A school without staff and students is but a structure. Together it becomes an institution for learning, for progress and for enlightenment. In the age of the Internet, if education has any single goal, it is to encourage children to *ask questions* and know how to search for the answers. Every child is unique and every child is gifted by the Creator. It is in the home and at school that it is important to recognise that each child is different. Remember, success comes in cans, not in cannots. It is important to develop a culture of appreciation, where it is imperative to say five positive things before we can say one negative. You will find that the child will grow with confidence, assurance and charm. Children like to experiment and should not be afraid to fail, for failures are the stepping stones to success. Remember, it is better to try and fail then not to try at all. Education today is a partnership between parents and teachers -- both have an interest in the child's welfare and progress.
Nice food for thought. Just thought of sharing it with you all. FN

Sunday, November 27, 2005 links... to education, FLOSS, etc is a useful, social-software tool for sharing your bookmarks. (For more about social software, check this interesting Social Software Blog. Wikipedia says:
Social software enables people to rendezvous, connect or collaborate through computer-mediated communication and to form online communities. Broadly conceived, this term could encompass older media such as mailing lists and Usenet, but some would restrict its meaning to more recent software genres such as blogs and wikis. Others suggest that the term social software is best used not to refer to a single type of software, but rather to the use of two or more modes of computer-mediated communication to engage in community formation.[1] In this view, people form online communities by combining one-to-one (e.g., email and instant messaging), one-to-many (Web pages and blogs), and many-to-many (wikis) communication modes.[2] In many online communities, real life meetings become part of the communication repertoire. The more specific term collaborative software applies to cooperative work systems.
Also see my links here. In particular, please do take a look at the Free/Libre and Open Source Software links in education and others related to FLOSS.

Thursday, October 13, 2005

Learning Curve... a newsletter from the Azim Premji Foundation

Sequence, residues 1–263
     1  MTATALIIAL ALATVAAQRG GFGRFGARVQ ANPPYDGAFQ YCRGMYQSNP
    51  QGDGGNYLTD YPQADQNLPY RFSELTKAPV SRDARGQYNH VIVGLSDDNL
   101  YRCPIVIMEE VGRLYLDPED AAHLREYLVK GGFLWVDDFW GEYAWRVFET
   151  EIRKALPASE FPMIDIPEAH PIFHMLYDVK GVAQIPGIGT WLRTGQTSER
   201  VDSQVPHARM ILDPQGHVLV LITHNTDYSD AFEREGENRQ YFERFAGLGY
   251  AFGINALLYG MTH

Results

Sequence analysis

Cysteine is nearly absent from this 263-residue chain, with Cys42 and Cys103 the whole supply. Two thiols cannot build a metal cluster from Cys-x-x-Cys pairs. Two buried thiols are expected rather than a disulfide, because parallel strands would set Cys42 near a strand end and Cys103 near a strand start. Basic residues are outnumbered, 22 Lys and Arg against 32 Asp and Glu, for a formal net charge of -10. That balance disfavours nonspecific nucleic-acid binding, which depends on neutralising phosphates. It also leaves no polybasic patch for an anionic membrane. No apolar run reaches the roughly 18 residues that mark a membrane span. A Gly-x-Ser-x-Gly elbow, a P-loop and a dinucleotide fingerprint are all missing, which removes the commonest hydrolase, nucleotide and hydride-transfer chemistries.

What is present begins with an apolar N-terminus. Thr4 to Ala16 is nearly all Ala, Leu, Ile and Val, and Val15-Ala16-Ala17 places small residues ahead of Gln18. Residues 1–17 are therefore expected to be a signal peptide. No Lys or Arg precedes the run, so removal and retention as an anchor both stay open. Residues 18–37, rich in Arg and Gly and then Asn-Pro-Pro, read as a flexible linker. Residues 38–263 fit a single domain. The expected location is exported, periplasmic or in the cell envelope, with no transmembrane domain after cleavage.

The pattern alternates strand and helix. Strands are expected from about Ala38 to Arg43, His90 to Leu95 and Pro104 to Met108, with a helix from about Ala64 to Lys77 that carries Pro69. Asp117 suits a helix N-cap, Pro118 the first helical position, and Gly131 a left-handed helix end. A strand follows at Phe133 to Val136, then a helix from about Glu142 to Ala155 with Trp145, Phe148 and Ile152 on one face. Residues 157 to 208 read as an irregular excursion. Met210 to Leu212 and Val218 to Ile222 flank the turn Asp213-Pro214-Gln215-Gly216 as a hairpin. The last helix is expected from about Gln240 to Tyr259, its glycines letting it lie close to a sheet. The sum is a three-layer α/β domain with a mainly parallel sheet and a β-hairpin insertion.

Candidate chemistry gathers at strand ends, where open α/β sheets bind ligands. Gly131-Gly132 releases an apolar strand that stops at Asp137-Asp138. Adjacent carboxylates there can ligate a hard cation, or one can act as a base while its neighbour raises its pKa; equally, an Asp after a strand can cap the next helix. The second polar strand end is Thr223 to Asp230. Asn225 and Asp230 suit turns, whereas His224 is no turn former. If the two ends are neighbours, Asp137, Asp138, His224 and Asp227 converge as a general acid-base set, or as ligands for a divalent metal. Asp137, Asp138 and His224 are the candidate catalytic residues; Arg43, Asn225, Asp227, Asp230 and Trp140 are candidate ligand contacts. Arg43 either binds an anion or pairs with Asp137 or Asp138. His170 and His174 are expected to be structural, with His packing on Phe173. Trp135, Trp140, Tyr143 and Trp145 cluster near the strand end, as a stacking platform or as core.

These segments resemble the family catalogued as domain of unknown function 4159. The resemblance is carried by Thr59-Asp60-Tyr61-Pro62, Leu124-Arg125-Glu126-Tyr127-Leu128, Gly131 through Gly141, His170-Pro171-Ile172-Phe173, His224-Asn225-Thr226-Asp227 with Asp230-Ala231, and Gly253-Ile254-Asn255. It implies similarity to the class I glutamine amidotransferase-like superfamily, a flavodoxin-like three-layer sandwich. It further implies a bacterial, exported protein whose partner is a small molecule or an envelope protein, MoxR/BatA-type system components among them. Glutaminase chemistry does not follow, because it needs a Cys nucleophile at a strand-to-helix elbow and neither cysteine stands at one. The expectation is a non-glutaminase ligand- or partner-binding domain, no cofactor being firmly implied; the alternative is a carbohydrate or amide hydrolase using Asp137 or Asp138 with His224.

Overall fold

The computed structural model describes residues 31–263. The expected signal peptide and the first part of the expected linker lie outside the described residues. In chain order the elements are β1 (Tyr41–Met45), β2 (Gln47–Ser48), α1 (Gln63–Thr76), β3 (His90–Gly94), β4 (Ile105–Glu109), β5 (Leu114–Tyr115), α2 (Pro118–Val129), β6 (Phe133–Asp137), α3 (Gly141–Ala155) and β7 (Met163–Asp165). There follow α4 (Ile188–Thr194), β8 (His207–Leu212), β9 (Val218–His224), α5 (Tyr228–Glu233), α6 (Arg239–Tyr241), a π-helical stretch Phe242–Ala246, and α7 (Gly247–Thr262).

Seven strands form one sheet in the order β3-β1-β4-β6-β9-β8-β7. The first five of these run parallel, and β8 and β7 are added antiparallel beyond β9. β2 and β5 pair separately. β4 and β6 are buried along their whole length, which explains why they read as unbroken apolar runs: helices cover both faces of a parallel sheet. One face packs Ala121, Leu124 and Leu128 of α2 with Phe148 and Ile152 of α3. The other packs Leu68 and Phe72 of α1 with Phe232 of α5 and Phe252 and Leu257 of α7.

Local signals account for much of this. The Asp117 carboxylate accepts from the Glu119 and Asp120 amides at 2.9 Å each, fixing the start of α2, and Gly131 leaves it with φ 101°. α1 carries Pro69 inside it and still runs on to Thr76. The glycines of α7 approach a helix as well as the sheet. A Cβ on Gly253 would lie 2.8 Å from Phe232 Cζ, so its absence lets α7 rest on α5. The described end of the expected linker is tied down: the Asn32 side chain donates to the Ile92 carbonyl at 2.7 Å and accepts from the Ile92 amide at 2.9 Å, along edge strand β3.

'Learning Curve' is a newsletter from the Azim Premji Foundation. You can find out more about it by writing to them. The interesting thing is that these guys aren't pushing IT into schools, but actually trying to improve the quality of education itself. In one recent issue (Issue V, March 2005), a number of interesting topics and writers were covered. Ssomeone at APF probably sent me a copy, because we met up recently at the Asiasource camp in Bangalore, and one continues to show an interest in their work -- ITforDevelopment, and education itself. It's nice to see India's best IT brains being applied to local real-world concerns back home (rather than for the export dollar alone... no offence meant, but we all need to get more relevant in terms of where Indian talent gets deployed). Azim Premji Foundation head for advocacy and research S Giridhar argues: "Teachers, the Parent Teacher Association (or the School Development Monitoring Committee) and the parents are three gears of a school system that must mesh smoothly... Systemic accountability requires the alignment of forces -- not just the school but the other two key arms of the system: academic wing and the 'senior management'." J Shankar, head of the foundation's technology initiatives, says: "Today, there is a dire need for us to cut down time spent on satisfying material needs and devote more time for developing abilities, gifts and talents." Civil servant Amarjeet Sinha says in an article on 'education for life': "India has been very successful in allowing individual excellence to grow. It has produced some world class managers and IT experts. As a mass education, however, we do not achieve as much as we ought to, as we do not sufficiently address the issue of relevance and education for life. Three other writers -- Sridhar Rajagopalan, Vyjayanthi Sankar and Mili Chandraker -- from the Ahmedabad-based Educational Initiatives Pvt Ltd -- have a guest column on measuring learning. They say: "Learning is intrinsic and subjective; it is not neat, linear or simple even to understand, let alone measure. Yet efforts to systematically understand it better do yield positive results." They give practical examples to evaluate how children from different school systems perform on the same item -- rural government schools; urban, English-medium schools; private, urban, regional-medium schools; and urban municipal schools. THERE'S ALSO A report on the Child Friendly School Initiative. It involves "a holistic intervention for the all round development of a child through head teachers (school management and leadership in both administrative and academic sides), teachers (subject matter expertise, motivation, higher orientation to child-centric practices), parent body (demanding accountability, relevance of education, and playing an effective role in school management), education officers (effective as change agents), and a focus on issues of sanitation, health and gender." APF says it has a reach of 580 schools in Andhra and Karnataka. TECHNOLOGY INITIATIVES: Think of a single PC with three display terminals, three keyboards and three 'mouses', which can be simultaneously used as if they are three independent computers. This innovative idea from the Azim Premji Foundation is being deployed in the computer aided learnign centre at the Byatarayanapura Higher Primary School in Bangalore South District and in another school. Cost of installation is lower; with a single CPU (central processing unit), the maintainence cost is less. Total cost of ownership -- including power consumption, UPS capacity and battery backup -- is reported as "substantially lower". Five new titles of CDs have also been produced for children in schools. They are: Friendly Animals and Journey on the Clouds (English), Swatantra Divas, Fun with Chinchoo in Mathematics and Khel-Mel (Hindi), released in February 2005. This makes the total number of master titles available at 70. There are now 68 titles in Karnataka, 42 for Andhra, 35 for Tamil Nadu and Pondicherry, 18 for Urdu medium schools, six for Orissa, 14 for Gujarat, three for Punjab and one for Kerala. As an aside, one might add that if this material was made copyright-free, copylefted, or under a similar license, the good work of the APF could spread in ways it never perhaps anticipated! Other reports come in about computer-based assessment in Andhra Pradesh (50,000 students took part); a learning guarantee programme; and info on the policy planning unit in Karnataka. K Subramaniam argues explains about mathematics education research in an article "What Is It and Why It Is Important?" He argues: "Many different players need to contribute to substantially enahance the general level of learning of mathematics in our (Indian) schools: policy makers, curriculum designers, textbook writers, teacher trainers, researchers and, above all, teachers. It would probably be correct to say that among all these groups in the country, the smallest and least developed is the community of researchers in mathematics education." Foundation research consultant Sujata Reddy writes on the social context of elementary education in rural India. There is a report by Rishikesh BS on an observation study of school practices under the Learning Guarantee Programme-2004. This study found that a school's good performance could be "linked to three broad aspects" -- a head-teacher in command of the situation and leading by example; professionally-behaved teachers who are punctual and create an interactive learning environment; and an active and 'understanding' School Development Monitoring Committee. Gurumurthy Kasinathan of APF closes the issue with a focus on an initiative between Karnataka's (the IT giant firm's home state) and the Azim Premji Foundation. Called Pramata, this is an acronym for the Kannada name for 'Process Reengineering and Officers' Training'. Sounds quite corporate! Finally, this 16-page bulletin ends with very brief but useful one-para reviews of 'Child Labour and the Right to Education in Sought Asia: Needs versus Rights' (Naila Kabeer, et al, Sage India 2003); 'The Emerging Mind, BBC The Reigh Lectures (Vilayanur Ramachandran, MacGuru 2004); 'Shiksha Aur Samajh' (Education and Society, Hindi, Rohit Dhankar, Aadhar Prakashan, Panchkula 2004); Language Disadvantage; The Learning Challenge in Primary Education (Dhir Jhingran, APH, 2005). For this unusual bio -- "Azim Premji (born July 24, 1945) is an Indian businessman, and the richest person in the country (from 1999 to 2005 according to Forbes). He is a graduate in Electrical Engineering from Stanford University, USA. At the age of 21, Premji joined Wipro, his father's vegetable oil business (then) (in 1966) after the sudden demise of his father" -- see the Wikipedia. [8] Wikipedia adds: "In 2000, he was voted among the 20 most powerful men in the world by Asiaweek. He was also among the 50 richest people in the world from 2001 to 2003 according to Forbes." But it's probably unfair to call him the Indian Bill Gates. At least Mr Premji didn't rewrite the rules for as critical a tool as software, which was once freely shared like books and knowledge, but one generation ago began to be treated like "property"! Undeniably, the Indian IT model has gained hugely from proprietorial software, even if that has meant that this crucial tool is mostly too unaffordably-priced for the vast majority in the country itself to afford! Anyway, this job on education deserves to be appreciated for what it is. And if you'd like to join in online discussions about education, do sign-up here. -- Frederick "FN" Noronha, October 13, 2005